). Previous speculation that fiber re-alignment may be a more dominant or earlier mechanism at the insertion site than crimp is supported here (Miller, 2012a
; Sellaro et al., 2007
). It is possible that fibers at the midsubstance have finished their initial collagen fiber re-alignment and begin to uncrimp with increasing cycles of preconditioning. In this study, the entire tendon was flash frozen at 5 and 8% strain to represent points in the toe- and linear-regions (determined by the structural model (Peltz et al.)). While these are appropriate strains to represent each of the corresponding regions, it is possible that the insertion site and midsubstance locations are at different stages of the toe-region, which may provide explanation for these differences in structural behavior.
No significant differences were identified between crimp frequency at the reference configuration, or “in situ” condition, and after the preload. The lack of significant difference identified here indicates that the crimp frequency behavior demonstrated throughout the mechanical test may be applicable to the crimp behavior in vivo.
This study suggests that the uncrimping of collagen fibers may be an in vivo structural response to mechanical load and not solely an artifact of ex vivo mechanical testing and changing the residual stress experienced by the tendon. This study is not without limitations. First, the structural fiber recruitment model was utilized to determine average strain values for the entire tendon samples. While the average values are within the parameters to represent the toe- and linear-regions of both the insertion site and midsubstance locations, it is possible that the locations were at different “points” in the toe-region. However, the chosen method improves consistency within this experiment and allows for comparisons with other experiments, in addition to permitting conclusions to be drawn across collagen fiber alignment and crimp measurements. This study examined collagen fiber re-alignment and crimp behavior throughout only one mechanical testing protocol. Future studies are necessary to determine the effects of collagen fiber re-alignment and crimp behavior in response to different loading protocols and at additional strains in the toe- and linear-regions at both locations. Additionally, while sample were immediately flash-frozen following loading, we cannot guarantee that no stress relaxation occurs whatsoever while the sample was freezing. However, consistent, significant changes in crimp frequency were still identified across samples. Further, histology from this project was stained in multiple batches, though the analysis methods performed were consistent and repeatable. As previously described, the quantitative software normalizes each image by the average pixel intensity and establishes exclusion criteria based on the standard deviation of pixel fluctuations to exclude artifact and only include fluctuations representing fiber crimp (Miller, 2012a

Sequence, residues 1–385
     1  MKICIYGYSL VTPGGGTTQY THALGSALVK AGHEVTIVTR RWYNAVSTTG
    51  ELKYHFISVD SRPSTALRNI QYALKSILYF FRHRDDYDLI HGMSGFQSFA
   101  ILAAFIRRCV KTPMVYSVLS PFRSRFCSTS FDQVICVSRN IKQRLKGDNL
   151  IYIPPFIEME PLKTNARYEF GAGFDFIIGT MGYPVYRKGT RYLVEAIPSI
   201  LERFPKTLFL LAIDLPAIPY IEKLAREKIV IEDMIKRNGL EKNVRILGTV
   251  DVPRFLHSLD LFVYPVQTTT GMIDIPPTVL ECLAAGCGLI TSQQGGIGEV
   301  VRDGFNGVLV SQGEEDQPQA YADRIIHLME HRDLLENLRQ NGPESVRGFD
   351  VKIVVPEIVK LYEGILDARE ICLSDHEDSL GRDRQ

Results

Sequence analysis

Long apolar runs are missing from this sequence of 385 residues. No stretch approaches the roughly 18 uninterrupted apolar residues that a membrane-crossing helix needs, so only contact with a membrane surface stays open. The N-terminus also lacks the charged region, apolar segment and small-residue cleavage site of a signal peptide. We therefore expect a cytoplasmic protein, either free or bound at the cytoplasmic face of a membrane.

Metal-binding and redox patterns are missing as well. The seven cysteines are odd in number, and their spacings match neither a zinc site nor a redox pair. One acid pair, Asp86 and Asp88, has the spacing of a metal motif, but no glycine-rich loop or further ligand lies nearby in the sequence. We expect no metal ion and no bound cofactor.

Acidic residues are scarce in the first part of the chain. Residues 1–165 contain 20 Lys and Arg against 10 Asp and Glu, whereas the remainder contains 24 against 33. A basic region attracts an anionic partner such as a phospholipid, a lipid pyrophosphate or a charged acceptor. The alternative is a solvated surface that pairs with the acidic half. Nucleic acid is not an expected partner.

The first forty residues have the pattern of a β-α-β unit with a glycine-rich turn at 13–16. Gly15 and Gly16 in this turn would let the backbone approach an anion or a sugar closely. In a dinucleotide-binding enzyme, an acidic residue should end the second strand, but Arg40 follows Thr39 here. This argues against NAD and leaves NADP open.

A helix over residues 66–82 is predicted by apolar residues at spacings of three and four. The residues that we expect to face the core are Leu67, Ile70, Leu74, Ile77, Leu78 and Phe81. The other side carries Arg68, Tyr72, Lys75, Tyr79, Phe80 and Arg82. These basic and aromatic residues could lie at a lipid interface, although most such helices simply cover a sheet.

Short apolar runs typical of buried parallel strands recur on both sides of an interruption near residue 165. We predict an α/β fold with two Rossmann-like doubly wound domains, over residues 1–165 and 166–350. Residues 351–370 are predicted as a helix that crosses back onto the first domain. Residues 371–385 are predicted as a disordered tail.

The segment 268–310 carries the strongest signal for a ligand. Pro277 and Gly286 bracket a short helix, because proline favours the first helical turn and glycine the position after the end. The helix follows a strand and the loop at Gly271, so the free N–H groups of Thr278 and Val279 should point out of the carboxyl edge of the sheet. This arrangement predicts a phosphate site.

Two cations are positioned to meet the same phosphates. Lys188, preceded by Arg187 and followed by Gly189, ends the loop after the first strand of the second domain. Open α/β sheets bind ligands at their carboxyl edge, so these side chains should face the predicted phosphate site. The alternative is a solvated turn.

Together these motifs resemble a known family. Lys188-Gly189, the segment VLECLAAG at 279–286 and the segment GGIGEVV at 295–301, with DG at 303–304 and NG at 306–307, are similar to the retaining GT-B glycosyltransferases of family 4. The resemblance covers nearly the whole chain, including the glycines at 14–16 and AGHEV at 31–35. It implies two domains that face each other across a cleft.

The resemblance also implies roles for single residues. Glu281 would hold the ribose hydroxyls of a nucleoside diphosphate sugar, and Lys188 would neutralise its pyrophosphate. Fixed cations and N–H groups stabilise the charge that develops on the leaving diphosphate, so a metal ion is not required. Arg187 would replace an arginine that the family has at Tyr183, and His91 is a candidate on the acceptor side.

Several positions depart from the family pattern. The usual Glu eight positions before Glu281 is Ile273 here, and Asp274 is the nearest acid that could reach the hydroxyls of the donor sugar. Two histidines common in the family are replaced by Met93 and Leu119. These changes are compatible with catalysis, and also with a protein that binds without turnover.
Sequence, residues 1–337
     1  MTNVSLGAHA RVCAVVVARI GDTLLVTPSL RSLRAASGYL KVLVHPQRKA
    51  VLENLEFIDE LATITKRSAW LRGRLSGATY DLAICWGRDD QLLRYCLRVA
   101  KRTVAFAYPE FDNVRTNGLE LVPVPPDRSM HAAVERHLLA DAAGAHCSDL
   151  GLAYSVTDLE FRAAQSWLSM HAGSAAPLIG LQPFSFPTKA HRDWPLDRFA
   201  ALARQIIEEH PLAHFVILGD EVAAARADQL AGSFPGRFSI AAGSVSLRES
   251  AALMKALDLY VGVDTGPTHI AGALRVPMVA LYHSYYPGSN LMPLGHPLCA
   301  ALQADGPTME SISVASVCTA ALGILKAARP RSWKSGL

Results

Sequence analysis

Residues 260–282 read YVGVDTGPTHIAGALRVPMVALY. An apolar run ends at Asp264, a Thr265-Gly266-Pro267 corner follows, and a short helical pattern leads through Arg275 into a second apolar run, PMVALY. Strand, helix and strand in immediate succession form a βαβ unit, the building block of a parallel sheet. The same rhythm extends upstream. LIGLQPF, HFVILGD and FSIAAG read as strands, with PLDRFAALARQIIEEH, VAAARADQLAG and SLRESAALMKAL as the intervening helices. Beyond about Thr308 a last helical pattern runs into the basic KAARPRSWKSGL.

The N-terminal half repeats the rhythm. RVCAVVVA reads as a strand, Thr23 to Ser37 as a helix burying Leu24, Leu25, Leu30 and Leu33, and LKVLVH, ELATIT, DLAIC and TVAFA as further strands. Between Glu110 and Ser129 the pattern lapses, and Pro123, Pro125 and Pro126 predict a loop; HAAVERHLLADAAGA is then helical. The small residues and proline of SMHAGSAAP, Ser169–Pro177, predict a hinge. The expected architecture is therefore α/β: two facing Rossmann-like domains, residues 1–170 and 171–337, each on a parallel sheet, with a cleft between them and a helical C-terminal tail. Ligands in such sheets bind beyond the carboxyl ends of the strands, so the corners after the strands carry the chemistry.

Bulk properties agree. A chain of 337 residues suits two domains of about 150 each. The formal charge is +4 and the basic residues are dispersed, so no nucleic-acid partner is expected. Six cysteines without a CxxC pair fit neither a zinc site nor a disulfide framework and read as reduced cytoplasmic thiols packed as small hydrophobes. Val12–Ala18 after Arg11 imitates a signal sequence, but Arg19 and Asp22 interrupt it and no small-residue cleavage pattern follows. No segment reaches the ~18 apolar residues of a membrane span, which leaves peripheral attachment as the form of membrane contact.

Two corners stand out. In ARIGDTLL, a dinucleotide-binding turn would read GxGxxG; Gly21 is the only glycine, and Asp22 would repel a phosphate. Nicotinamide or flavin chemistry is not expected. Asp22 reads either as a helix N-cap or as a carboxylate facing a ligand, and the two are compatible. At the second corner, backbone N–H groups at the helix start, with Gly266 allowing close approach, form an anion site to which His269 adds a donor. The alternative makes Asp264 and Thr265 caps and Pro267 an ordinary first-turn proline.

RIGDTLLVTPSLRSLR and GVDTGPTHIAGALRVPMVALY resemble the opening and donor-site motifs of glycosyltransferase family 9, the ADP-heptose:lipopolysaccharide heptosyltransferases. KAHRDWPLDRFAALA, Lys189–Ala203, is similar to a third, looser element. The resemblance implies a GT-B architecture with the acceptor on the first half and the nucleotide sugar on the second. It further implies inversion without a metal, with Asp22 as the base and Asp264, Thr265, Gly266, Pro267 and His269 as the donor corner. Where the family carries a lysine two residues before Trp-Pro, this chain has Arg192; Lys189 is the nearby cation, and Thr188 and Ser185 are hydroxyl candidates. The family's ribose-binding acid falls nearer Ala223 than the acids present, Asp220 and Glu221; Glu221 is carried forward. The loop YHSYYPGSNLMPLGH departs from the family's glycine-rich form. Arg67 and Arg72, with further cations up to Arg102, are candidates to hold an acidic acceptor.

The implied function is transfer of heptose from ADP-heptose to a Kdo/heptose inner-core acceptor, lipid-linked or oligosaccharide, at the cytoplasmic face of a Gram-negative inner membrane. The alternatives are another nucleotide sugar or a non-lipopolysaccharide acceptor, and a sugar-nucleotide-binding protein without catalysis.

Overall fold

). This method minimizes the potential effect of changes in stain intensity on the histological analyses. Finally, while the reference configuration samples were flash-frozen while still attached to the humerus and supraspinatus muscle, adjacent structures, such as the deltoid, the infraspinatus and subscapularis, were removed. The removal of these structures may have changed the supraspinatus tendon loading and subsequently, the in vivo crimp frequency. Additionally, the tone of the supraspinatus muscle may have changed post-sacrifice and altered the crimp frequency. Future studies are needed to further examine crimp frequency and fiber distribution of the supraspinatus tendon at its native state in the body.
In conclusion, this study quantified local mechanical properties as well as collagen fiber re-alignment and crimp behavior throughout mechanical testing in a mature mouse SST model. Additionally, this study identified that collagen fiber realignment and crimp behavior were different at each location suggesting that the insertion site and midsubstance locations may respond to load differently and may have different microstructural and biochemical compositions. Future studies are needed to further characterize local compositional and microstructural properties to examine these differences in behavior and elucidate their potential effects on clinical treatments and diagnosis.